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Tumour angiogenesis in epithelial ovarian cancers

Lan Fong, WTF; (2007) Tumour angiogenesis in epithelial ovarian cancers. Doctoral thesis , UCL (University College London). Green open access

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Epithelial ovarian cancer (EOC) is the most lethal gynaecological malignancy. It is frequently diagnosed late and shows poor prognosis with a 5 year survival rate of 30%. New blood vessel formation (angiogenesis) and new lymphatic vessel growth (lymphangiogenesis) are fundamental events in tumour growth and metastatic dissemination. Despite the existence of established clinical prognostic markers for EOC, there is still a lack of clinically reliable molecular markers for assessing prognosis. In addition, little is known about the molecular events underlying EOC formation and spread. The aim of the study was to identify additional prognostic parameters in EOC and potentially pre-malignant ovarian lesions and to understand the potential mechanisms of angiogenesis / lymphangiogenesis in EOC formation. Archival paraffin wax-embedded sections, frozen tissues, serum and fluid samples of pre-malignant ovarian lesions (endometriosis, benign cystadenomas and borderline tumours) and EOC were used to assess molecular changes in EOC and these ovarian lesions compared to normal ovaries. Techniques used included immunohistochemistry, ELISA, and real-time quantitative RT-PCR which were performed to analyse molecular markers of angiogenesis and lymphangiogenesis (VEGF, VEGF-C, VEGFR-1, VEGFR-2, TP and MVD). IGF-1 isoforms involved in cell proliferation, repair and angiogenic regulation were analysed. Both VEGF and TP expression increased significantly in the formation of endometriotic and borderline lesions. VEGF-C was high in benign cystadenomas and borderline tumours. Serum VEGF levels were higher in EOC compared to premalignant benign ovarian lesions and controls, particularly in clear cell and endometrioid EOC subtypes. There was no correlation between serum VEGF and matched platelet counts. Expression of IGF-1 Ea and VEGF increased significantly from normal ovary to EOC, suggesting that VEGF may be under the regulation of IGF-lEa. This analysis has revealed the molecular interplay of angiogenic and lymphangiogenic pathways in ovarian carcinogenesis.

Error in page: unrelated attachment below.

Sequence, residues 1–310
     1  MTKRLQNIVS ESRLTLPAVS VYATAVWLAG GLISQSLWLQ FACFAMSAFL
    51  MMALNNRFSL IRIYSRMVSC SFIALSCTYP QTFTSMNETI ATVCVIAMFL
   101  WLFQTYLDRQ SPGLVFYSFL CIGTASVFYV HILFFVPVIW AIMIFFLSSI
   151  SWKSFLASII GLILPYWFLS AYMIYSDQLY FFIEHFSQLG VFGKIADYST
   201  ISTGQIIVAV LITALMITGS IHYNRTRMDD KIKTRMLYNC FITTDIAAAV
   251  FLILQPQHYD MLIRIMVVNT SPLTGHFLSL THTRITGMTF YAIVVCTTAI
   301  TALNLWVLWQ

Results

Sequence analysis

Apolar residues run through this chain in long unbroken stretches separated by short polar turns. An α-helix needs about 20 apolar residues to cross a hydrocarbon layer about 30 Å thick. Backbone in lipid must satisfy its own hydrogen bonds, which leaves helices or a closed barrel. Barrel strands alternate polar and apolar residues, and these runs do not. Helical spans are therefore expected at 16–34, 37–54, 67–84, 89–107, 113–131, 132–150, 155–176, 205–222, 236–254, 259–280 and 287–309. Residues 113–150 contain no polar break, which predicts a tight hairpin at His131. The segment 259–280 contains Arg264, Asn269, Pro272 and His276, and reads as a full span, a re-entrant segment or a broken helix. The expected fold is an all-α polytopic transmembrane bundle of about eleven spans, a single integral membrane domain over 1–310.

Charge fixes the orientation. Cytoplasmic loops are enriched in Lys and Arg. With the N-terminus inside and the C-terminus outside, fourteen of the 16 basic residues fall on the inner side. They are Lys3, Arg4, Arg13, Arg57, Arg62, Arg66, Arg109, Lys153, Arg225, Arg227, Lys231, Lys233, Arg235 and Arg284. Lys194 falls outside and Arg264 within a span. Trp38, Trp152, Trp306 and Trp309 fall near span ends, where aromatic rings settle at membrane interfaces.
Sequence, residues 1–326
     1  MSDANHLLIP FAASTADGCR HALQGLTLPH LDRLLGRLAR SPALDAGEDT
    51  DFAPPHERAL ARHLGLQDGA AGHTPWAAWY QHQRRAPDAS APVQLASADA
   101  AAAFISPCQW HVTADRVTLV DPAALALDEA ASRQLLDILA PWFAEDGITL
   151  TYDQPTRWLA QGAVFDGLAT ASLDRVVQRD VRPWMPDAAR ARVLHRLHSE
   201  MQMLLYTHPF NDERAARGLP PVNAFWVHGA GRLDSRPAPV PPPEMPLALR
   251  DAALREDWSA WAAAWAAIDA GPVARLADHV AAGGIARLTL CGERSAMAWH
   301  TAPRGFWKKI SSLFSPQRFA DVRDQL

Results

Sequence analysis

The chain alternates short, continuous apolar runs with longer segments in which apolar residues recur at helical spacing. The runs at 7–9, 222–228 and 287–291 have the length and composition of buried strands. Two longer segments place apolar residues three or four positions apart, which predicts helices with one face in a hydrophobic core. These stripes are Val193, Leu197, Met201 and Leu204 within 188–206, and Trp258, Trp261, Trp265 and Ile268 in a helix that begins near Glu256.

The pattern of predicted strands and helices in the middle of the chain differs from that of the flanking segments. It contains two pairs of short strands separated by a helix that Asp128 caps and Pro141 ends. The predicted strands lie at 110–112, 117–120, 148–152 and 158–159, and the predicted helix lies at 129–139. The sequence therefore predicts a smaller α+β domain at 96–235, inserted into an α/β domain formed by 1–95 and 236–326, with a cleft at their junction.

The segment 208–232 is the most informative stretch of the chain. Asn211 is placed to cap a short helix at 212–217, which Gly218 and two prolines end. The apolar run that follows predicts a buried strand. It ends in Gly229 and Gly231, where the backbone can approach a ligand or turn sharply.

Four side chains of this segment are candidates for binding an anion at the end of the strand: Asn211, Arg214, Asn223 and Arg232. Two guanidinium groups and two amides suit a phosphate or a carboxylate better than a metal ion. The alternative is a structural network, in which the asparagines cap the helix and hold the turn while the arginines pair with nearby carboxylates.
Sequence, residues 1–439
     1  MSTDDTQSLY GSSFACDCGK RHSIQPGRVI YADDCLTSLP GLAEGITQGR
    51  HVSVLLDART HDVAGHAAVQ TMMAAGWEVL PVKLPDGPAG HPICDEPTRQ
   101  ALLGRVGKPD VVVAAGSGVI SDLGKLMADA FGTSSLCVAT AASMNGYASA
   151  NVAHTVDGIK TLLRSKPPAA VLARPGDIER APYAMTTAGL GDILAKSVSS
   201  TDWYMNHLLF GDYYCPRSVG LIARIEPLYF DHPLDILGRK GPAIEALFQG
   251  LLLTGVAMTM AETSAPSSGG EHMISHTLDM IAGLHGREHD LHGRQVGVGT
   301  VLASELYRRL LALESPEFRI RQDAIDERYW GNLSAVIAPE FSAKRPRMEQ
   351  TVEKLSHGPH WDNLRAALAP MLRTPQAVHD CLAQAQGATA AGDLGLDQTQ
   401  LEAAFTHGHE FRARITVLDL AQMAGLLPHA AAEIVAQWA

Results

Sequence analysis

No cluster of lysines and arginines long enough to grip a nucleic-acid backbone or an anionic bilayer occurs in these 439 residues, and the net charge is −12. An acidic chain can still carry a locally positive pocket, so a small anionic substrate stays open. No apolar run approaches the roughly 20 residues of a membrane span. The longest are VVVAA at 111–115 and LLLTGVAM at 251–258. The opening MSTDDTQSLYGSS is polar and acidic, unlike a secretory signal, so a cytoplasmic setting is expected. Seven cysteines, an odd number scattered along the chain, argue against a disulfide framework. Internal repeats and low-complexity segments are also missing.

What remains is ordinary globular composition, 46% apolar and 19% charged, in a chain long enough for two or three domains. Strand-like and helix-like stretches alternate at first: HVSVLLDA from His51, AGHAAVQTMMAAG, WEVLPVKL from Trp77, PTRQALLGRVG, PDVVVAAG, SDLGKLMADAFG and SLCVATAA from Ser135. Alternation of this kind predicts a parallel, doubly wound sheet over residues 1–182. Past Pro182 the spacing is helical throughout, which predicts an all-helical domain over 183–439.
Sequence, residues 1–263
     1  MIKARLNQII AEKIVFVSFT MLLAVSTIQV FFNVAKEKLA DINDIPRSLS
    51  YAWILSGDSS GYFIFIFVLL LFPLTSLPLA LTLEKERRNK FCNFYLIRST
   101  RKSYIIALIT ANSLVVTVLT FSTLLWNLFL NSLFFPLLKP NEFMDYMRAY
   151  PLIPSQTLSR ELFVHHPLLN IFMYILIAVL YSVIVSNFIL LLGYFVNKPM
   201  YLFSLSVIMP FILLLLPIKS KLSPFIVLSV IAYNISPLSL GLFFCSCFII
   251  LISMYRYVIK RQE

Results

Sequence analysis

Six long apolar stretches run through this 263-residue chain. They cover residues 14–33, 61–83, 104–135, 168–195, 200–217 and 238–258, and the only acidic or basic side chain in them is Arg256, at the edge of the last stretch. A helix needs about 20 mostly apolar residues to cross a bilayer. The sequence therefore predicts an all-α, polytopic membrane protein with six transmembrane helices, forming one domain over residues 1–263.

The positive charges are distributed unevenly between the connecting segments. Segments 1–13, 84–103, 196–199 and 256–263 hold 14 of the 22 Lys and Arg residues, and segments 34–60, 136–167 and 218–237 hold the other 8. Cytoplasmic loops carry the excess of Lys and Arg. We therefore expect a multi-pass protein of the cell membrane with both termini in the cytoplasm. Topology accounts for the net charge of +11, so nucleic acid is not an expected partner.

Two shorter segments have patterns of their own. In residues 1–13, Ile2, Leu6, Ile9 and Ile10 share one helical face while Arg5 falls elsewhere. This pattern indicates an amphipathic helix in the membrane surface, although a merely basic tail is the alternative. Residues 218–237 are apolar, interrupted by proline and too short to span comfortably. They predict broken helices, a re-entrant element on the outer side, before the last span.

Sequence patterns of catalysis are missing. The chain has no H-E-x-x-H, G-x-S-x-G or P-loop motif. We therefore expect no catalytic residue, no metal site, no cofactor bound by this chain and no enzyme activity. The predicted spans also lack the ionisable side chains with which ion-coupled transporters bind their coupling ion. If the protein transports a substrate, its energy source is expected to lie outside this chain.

Type: Thesis (Doctoral)
Title: Tumour angiogenesis in epithelial ovarian cancers
Identifier: PQ ETD:593488
Open access status: An open access version is available from UCL Discovery
Language: English
Additional information: Thesis digitised by ProQuest.
URI: https://discovery.ucl.ac.uk/id/eprint/1446159
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